I’d like to know what logic the courts applied, though, when they “repeatedly sided against [the family]” in suits against the school.

Greg says:

Conflict of interest

It’s about time someone steps up for children’s rights in school. Their education should not be affected by their opinions of their teachers or school staff.

Schools shouldn’t have access to the internet for kids, and if there is access it should be heavily filtered to keep them on task. I bet though that these sites are being browsed by faculty and that’s where the problem is. Now, what is the faculty doing browsing a 16 year old girls personal page? Seems like a conflict of interest here on the schools part.

musefiddle says:

Re: Conflict of interest

First of all, online communities are not just for kids.People of all ages are members of these social networks. Group posts on FACEBOOK,MySpace,etc. can be viewed by any and all who use a search tool with a person’s name on it.
Individual’s profiles cannot be viewed if they select privacy settings on their profile. Students can now make libelous statements online and then cry “free speech”. There is a difference between venting frustration and catty comments about a teacher or professor and putting into print libelous comments that could possibly affect someone’s personal life or career.

Rahul says:

It seems ridiculous to me that this is even a question and not just common sense. Of course students have a right to free speech, just like all other human beings. Now I can understand the school’s point of view in a case where a student is disrupting their class, but outside of the classroom, the school has no say in what a student says or does. Now, if a student starts writing libelous statements rather than obvious opinion, that would be a different situation entirely. But calling an administrator a douche bag, as that 16 year old did, is obviously not meant to be a statement of fact, and therefore is not libel. And I’ll bet that blog posting got a lot more views after the school brought so much unwarranted attention to it. Just another example of schools overreacting to student behavior, what’s next? Handing out dress code violations to girls wearing short skirts in their myspace pics?

Jonathan Donihue says:

Re: Re:

It’s even more potentially dangerous than that. If a student rights a note, off school property, to a friend and that friend takes the note onto property can the writer be suspended? If I write a blog calling our president a Douche Bag dose the government have a right to retaliate? What we do to the weekest members of our socioty we will eventually do to eachother.

Dan says:

A student or teacher can be sued for libel and or slander. This is the proper and legal path to resolution. A generalized derogatory reference is neither, so ignore the comment and get on with your life. Better yet contact the complainer to see if they have a legitimate complaint, its called growth by learning. The attempted revenge by school officials is not effective and makes them look really petty and vindictive. If my child was in this school system I would demand an independent investigation and public report of this incident.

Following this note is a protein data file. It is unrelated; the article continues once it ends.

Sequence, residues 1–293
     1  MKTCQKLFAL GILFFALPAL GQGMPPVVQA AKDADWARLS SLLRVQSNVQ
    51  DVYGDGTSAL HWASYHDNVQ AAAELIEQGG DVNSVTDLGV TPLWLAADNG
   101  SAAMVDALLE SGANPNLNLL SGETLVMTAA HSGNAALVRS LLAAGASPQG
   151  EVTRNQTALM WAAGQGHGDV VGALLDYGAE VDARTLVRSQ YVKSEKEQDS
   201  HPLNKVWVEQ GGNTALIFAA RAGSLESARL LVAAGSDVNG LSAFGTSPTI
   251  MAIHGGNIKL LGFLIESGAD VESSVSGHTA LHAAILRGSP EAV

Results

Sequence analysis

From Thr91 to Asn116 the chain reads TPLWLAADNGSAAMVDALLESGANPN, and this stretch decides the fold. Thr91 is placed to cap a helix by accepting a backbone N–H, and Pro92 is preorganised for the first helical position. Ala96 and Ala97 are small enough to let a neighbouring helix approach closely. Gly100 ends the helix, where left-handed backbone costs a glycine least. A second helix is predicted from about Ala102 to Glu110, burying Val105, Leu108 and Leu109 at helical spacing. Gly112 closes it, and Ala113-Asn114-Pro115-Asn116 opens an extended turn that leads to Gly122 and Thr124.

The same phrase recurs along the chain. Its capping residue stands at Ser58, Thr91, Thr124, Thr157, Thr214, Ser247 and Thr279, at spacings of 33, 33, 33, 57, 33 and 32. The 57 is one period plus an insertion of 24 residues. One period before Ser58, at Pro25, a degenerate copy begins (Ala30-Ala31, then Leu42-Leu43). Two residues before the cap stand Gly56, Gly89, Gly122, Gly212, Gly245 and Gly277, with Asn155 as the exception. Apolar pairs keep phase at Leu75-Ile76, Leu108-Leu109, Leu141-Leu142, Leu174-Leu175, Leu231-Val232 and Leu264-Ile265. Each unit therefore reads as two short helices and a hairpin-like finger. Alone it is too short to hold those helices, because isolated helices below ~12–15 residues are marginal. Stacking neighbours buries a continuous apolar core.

Annony says:

Ahhh the sad decline of respect for teachers and other people. A lot of students do NOT like teachers who are strict [even though it is for their own good and they only realise that later in life]. If only people were taught to respect others – I think a lot of this would not be happening. Respect for older people is also a thing of the past.
Students need to learn that teachers are there to teach them and should be participating not fighting that.
That being said – there are also a small number of teachers who should not be teachers, BUT i think that is not the norm.

Curmudgeon says:

...And out come the reactionaries

“Ahhh the sad decline of respect for teachers and other people. A lot of students do NOT like teachers who are strict [even though it is for their own good and they only realise that later in life]. If only people were taught to respect others – I think a lot of this would not be happening. Respect for older people is also a thing of the past.”

Of course. It was all better in the good old days when students showed proper deference to their elders, regardless of their shortcomings, and teachers never had to adapt their teaching methods to meet the students’ changing needs because the job of a student, after all, is to shut up and listen.

Sarah (user link) says:

The LeBeau law does look great – especially in creating a “bright line” between state control and free expression. There’s so much panic about students online in general that schools are quick to cry cyberbullying and clamp down on student speech. Cyberbullying is so vague, the concerns about online speech overblown (Evans’ infamous blog post was read by three people), and schools are in positions of power to claim that off-campus, online speech can be treated like on-campus speech.

I’ve written more about it here: http://ncacblog.wordpress.com/2009/02/11/when-teachers-are-criticized-principals-mocked-is-it-cyberbullying/

eumis says:

student free speech

student free speech means when you are allow 2 do anything outside of school hours and the school shouldn’t worry on what we do outside of school its other life and students should be able to have freedom outside of school case some students don’t like school and we are foced to go to school to learn and when we get out of school thats when we get to talk to other friends and more

Kevin Atkinson says:

This Happened to Me

I was recently suspended for creating a fan page on facebook for my high school teacher. All of the material was posted off campus, yet they claimed that the incident was identity theft, although I never posted a picture of the teacher of stated any of his information besides his name and the fact that he worked at my school. UNJUST!